I know, there are always excuses: while you’re young (especially if you can get freelance work) you can always say that those hours could be better spent working to get more money to save, and doing just about anything else is more entertaining. Yet taking the time is an investment in its own right. So come on, give me a weekend.

It’s summer, you’re going to spend some time reading by the pool/beach/lake anyway (I hope), so let’s start with the reading. Here’s a really quick curriculum for you (and I welcome tweaking and book recommendations in the comments). Start by identifying what “year” you’re in for the summer curriculum.

Year 1: Budgeting and Debt. You need to get your household budget in order and tackle outstanding debt before you get into worrying about saving and investing. Dave Chilton’s The Wealthy Barber Returns covers a number of topics, including paying yourself first. “Debt gurus” abound with their books — I can’t make any personal recommendations (because they haven’t sent me review copies and it’s not my area of interest) but it’s a big market and a decent one shouldn’t be hard to find. For something lighter, maybe try Findependence Day by Jon Chevreau.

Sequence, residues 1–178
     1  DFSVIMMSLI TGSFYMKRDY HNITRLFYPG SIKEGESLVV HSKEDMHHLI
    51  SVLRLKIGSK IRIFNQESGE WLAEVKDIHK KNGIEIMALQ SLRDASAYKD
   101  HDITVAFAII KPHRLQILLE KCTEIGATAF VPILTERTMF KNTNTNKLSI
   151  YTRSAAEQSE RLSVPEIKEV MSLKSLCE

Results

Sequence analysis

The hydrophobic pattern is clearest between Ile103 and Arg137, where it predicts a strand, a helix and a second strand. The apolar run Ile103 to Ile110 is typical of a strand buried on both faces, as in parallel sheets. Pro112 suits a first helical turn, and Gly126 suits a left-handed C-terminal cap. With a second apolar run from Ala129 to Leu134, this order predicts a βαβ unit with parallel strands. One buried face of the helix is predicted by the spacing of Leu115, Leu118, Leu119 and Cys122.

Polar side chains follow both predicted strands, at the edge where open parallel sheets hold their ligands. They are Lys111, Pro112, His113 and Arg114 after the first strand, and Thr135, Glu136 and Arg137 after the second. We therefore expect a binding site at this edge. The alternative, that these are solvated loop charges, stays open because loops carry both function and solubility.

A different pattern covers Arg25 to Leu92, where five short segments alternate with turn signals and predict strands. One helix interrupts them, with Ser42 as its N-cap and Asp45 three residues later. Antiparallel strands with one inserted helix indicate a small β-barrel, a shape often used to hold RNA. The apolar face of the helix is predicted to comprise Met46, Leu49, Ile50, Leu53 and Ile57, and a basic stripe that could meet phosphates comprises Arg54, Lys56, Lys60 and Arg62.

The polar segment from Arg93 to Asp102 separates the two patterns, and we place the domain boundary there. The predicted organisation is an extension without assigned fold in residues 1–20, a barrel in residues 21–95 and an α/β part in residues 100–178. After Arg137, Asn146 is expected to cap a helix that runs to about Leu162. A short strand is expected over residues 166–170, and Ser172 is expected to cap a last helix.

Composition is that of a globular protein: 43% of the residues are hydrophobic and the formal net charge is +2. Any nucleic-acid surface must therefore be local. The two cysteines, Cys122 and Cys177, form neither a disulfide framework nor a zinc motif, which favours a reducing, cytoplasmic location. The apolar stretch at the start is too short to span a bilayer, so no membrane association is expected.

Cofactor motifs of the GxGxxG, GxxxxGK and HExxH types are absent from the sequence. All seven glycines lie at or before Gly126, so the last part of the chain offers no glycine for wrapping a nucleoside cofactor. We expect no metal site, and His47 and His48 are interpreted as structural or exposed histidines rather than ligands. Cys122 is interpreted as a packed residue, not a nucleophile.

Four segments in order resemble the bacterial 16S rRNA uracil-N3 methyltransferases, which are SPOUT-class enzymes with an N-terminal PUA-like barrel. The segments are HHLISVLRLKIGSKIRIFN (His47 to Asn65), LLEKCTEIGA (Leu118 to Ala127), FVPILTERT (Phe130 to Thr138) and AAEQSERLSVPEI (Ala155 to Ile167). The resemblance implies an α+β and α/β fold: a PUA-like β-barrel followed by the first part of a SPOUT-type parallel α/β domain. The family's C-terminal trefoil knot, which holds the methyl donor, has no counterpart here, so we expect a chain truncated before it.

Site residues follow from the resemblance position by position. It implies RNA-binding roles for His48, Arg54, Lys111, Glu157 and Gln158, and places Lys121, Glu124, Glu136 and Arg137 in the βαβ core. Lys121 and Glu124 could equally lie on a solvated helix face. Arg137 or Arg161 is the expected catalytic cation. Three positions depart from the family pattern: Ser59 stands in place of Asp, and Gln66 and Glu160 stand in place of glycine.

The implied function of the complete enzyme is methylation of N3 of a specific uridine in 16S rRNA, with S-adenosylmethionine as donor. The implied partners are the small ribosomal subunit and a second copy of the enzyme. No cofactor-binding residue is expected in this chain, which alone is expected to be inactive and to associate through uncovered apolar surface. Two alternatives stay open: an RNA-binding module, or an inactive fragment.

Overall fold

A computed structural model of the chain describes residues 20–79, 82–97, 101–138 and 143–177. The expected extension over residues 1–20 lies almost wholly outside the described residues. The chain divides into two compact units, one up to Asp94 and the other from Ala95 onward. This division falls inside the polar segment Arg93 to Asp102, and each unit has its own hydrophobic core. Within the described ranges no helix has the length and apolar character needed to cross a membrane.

Spend your weekend skimming through one or a few of these. Dig up your statements to see where your money is going. Draw up your family budget, make a plan to pay down your debt. Call your bank (most have 24/7 phone lines) and set up a pay-yourself/your creditors-first plan if you need to. Take the rest of the year to get this right, get your emergency fund in place, and we’ll see you next summer for year 2.

Year 2: Saving and Investing. Not to be too self-promotional, but start by reading my book. It barely takes an afternoon to read all the way through, and from there you can decide if you need to read more, and in which direction (it has further reading recommendations inside). Exercises: determine your risk tolerance. Set up an investing account (brokerage or mutual funds, hopefully somewhere with low-cost index funds; non-registered, TFSA, and RRSP) — you can fill out the paperwork and place some calls, though opening an account from scratch may involve waiting a few weeks. Call to set up an automatic investment plan if needed.